Delicate, romantic, contemplative, introspective; all of these terms describe Christina Vantzou‘s recent album No1. A pristine collection of sound recordings, this album has not surprisingly found itself right at home amongst the best of Kranky’s alumni. No1 contains passages with highly emotional points sculpted from the subtle crescendos and decrescendos of a soft-bed of strings. The opening track, Homemade Mountains, seems to recollect some of today’s modern-classical music, encapsulating it into a piece that’s easier to swallow than some of Vantzou’s contemporaries. The album carries a certain warmth and grace from one piece to the next. Throughout the listening experience, various points are reminicent of the scapes explored by composers like Hugh McAmis (see Dreams, for organ), Iannis Xenakis (see Échange), or even Peter Winkler (see Fantasy for cello septet, “Surge”). For those less familiar with the aforementioned composers, one could also draw comparisons from the more recent recordings of M. Geddes Gengras (see Rebirth Los Angeles cassette on Full of Nothing) or the likes of artists like Aaron Martin, Black Swan and Celer (see their 2011 releases on Experimedia).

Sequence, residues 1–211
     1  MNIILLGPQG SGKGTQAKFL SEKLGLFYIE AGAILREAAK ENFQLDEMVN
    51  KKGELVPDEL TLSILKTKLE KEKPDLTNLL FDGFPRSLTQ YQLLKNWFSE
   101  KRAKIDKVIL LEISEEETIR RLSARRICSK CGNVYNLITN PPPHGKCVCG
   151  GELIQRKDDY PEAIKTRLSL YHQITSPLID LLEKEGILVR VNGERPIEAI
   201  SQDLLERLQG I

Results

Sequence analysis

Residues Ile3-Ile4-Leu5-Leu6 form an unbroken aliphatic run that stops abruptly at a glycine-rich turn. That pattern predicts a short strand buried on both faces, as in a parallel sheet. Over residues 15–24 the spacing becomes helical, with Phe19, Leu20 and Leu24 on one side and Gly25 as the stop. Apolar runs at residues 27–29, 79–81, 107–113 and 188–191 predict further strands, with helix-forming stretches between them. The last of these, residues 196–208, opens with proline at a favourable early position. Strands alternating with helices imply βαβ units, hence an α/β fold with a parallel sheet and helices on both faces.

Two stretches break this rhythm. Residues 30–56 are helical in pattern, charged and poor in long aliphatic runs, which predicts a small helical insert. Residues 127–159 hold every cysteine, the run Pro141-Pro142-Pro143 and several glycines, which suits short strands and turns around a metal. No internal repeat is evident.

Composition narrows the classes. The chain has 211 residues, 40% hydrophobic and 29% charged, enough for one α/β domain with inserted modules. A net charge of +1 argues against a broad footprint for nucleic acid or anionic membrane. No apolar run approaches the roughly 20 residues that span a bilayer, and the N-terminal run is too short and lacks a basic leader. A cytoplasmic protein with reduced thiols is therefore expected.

Overall, listening to No1 is an extraordinarily relaxing experience which seems to seduce the listener into a state of self-reflection. There’s also a strong sense of breath within each piece, allowing space for the listener to inhale and exhale in time with the music. Pieces like And Instantly Take Effect, are a perfect example of this. No1 is an album that continues to ring in your ears long after the initial listen, following you throughout the day like a half-shadow you’ve been missing. As an extra bonus, there is a certain touch of feminine sensitivity to the Vantzou’s work which gives it greater depth than other works from this genre. Yet, unlike many albums of this caliber, Vantzou’s pieces steer clear of that pretentious heir that is so often a turn-off to many listeners when it comes to modern/contemporary classical works such as this. It is as if the composer herself hap-hazardly stumbled upon her own compositions by accident after waking from a night of sleep-walking outdoors. This is not to say that these compositions were unintentional by any means, but rather that Vantzou’s knack for composing is something as natural for her as breathing in and out, or falling asleep. No1 is a select collection of both sound and emotion; highly recommended.